Tuesday, November 16, 2004

Petrarch in New York

My English professor spent a good 20 minutes today discussing his findings in last week's issue of the New Yorker. In addition to an incredible poem he happened upon while reading at the laundrymat, he talked about the Petrarchan implications of this cover:
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I was so touched I immediately went out after lecture and bought this issue. The art in and of itself I think is very striking, but what Prof. Helgerson said was even more so. The portrait captures the Petrarchan obsession with the momentary, the fleeting and the gaze of the beloved. Petrarch saw Laura once on April 6, 1327 and wrote countless sonnets to her from that very day, always obsessed with the first moment he met her. It's hard to tell in this portrait if these two New Yorkers will ever meet again, if they were perfect for one another (after all, they've both fatefully looked up from reading the same book at the exact moment that their trains passed each other), or if one of them would maybe spend the rest of his or her life in the city searching for the other, writing sonnets in their perpetual search just as Petrarch did for Laura. And even if they didn't find one another, would this moment be the moment that they would forever look back on, the one that they rhapsodize with their friends about over coffee, sighing into the steam, "What if?"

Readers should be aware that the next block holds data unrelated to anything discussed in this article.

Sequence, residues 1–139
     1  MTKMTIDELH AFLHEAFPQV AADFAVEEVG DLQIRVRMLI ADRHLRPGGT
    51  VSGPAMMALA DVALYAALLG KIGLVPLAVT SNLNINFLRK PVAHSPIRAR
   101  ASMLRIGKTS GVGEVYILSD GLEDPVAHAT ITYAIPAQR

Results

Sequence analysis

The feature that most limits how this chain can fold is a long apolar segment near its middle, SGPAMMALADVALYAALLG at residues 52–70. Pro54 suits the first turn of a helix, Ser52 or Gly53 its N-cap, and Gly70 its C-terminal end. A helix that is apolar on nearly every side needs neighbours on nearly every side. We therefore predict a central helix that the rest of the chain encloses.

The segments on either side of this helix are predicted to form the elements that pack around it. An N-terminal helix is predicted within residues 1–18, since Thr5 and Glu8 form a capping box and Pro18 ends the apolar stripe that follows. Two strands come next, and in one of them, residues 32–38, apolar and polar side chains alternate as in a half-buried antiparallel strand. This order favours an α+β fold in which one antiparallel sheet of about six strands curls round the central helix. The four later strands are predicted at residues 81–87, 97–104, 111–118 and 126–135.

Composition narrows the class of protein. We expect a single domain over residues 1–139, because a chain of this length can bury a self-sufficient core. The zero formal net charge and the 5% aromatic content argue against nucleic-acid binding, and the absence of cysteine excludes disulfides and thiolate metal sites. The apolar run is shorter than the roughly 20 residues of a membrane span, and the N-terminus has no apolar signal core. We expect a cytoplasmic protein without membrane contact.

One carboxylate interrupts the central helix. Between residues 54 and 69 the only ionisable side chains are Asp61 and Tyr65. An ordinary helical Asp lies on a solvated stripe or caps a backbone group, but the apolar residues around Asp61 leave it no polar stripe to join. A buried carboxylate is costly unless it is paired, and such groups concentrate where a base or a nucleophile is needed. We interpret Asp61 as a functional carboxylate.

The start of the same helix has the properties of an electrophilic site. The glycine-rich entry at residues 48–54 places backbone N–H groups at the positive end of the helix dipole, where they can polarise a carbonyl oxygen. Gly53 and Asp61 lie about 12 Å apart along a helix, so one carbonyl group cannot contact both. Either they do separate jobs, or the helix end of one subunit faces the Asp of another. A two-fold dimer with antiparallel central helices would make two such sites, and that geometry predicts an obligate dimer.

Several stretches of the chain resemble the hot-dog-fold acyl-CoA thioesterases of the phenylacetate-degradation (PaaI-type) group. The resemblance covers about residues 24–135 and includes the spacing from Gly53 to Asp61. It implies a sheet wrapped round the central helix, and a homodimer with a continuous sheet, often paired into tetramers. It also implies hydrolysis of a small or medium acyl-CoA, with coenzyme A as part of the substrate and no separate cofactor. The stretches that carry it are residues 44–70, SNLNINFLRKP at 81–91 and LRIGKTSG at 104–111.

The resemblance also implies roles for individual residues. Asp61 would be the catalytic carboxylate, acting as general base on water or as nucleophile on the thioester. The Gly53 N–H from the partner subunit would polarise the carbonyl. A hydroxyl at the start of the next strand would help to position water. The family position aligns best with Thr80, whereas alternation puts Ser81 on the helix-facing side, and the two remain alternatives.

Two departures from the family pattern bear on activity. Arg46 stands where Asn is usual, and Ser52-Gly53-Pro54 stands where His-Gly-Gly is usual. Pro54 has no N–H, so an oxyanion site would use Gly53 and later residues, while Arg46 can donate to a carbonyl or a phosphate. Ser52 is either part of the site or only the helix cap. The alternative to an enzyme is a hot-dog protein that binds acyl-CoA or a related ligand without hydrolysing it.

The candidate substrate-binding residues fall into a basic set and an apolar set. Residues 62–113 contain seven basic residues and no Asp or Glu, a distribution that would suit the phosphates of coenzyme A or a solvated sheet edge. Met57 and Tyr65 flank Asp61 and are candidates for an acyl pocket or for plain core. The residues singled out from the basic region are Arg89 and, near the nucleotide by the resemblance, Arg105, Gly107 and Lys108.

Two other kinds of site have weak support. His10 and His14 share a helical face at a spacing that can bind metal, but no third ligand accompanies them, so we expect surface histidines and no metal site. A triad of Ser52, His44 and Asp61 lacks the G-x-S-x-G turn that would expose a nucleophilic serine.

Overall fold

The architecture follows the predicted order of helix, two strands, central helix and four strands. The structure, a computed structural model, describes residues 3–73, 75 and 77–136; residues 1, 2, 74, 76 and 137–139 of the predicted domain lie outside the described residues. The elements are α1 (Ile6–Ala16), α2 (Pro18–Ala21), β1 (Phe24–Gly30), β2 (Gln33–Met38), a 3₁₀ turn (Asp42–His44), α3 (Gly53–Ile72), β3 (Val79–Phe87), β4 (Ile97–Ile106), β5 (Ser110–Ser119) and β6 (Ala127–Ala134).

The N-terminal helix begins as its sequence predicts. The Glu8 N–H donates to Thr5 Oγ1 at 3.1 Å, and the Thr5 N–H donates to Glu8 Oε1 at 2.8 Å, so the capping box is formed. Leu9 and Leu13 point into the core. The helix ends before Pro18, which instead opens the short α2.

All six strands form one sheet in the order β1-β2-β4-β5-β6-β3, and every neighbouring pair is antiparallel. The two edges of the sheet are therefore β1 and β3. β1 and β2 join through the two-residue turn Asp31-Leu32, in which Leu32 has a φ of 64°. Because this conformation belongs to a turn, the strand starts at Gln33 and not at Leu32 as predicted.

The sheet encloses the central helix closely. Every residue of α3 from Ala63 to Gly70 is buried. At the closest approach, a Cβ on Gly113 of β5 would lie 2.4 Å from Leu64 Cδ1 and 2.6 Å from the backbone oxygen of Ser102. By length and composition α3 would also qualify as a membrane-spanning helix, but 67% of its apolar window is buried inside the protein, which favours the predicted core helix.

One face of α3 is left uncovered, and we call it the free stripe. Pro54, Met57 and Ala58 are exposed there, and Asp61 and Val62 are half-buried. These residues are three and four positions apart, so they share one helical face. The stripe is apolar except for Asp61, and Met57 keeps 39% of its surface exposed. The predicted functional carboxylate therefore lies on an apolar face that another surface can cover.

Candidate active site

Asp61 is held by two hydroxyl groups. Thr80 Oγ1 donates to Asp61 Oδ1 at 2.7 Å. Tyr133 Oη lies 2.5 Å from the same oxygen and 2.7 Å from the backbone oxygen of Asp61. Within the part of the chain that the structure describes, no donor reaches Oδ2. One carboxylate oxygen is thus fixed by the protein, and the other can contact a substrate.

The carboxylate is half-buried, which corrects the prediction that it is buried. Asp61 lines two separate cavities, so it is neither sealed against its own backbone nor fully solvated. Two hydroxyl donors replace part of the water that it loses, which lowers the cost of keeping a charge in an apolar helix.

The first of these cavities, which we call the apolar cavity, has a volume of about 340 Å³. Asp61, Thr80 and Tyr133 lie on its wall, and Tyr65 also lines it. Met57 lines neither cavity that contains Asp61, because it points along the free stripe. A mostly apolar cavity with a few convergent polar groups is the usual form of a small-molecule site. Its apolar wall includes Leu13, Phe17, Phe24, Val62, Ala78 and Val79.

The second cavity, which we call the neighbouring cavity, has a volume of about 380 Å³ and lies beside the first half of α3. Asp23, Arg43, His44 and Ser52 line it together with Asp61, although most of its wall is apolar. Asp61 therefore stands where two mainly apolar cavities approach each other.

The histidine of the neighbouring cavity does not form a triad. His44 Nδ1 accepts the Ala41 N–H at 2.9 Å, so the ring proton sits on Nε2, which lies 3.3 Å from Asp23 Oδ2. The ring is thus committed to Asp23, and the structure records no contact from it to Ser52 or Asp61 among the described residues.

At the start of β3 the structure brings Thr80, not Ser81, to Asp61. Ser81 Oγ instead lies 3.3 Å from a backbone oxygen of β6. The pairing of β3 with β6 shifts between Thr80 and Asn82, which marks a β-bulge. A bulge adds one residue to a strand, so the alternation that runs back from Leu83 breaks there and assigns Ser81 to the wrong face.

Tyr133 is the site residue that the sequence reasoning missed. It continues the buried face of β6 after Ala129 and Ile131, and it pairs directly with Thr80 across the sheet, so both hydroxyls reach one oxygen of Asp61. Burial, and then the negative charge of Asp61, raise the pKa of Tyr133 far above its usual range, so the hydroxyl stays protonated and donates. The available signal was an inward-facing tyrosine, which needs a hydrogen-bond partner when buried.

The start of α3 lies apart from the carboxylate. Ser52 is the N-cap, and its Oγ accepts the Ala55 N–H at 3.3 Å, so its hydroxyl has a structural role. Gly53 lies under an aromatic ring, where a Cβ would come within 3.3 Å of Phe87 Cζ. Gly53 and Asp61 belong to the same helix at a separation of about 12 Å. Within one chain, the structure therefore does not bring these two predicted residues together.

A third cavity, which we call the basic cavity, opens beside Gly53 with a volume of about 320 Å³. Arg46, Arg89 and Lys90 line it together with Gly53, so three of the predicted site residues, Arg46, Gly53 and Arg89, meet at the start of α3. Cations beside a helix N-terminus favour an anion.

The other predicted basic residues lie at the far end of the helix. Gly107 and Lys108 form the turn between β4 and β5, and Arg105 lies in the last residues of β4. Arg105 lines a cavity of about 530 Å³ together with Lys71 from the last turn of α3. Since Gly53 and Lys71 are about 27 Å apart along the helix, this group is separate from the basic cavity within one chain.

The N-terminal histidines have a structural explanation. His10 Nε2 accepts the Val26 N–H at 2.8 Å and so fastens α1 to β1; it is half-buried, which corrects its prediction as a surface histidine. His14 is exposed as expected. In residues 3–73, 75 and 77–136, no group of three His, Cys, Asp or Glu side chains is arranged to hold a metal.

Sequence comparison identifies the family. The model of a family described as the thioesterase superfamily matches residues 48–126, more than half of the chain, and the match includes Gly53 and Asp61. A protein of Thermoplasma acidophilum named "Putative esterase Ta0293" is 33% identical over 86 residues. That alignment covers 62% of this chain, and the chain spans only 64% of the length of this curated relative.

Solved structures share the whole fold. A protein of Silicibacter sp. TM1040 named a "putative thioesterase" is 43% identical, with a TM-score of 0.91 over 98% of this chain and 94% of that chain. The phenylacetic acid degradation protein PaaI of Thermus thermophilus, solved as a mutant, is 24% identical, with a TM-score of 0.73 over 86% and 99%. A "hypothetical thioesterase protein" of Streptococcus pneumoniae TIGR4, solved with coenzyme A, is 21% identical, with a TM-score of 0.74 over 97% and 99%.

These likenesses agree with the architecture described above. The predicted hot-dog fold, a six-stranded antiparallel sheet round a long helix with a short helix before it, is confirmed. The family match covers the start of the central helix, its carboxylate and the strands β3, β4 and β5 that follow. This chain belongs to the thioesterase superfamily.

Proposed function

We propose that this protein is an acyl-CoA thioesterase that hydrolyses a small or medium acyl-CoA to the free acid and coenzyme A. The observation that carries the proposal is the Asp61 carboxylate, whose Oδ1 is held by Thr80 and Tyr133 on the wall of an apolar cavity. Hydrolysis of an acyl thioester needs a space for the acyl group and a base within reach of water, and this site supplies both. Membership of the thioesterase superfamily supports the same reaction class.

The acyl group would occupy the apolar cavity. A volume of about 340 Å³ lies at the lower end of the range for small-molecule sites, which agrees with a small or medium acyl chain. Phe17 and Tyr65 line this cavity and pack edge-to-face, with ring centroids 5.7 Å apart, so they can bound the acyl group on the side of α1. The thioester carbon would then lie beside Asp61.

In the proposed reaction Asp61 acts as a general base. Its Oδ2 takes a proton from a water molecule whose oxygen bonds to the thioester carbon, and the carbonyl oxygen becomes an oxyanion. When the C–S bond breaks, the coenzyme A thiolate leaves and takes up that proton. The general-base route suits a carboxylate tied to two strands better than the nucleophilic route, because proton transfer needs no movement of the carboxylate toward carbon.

1 comment:

jen said...

*sigh*
i'm touched.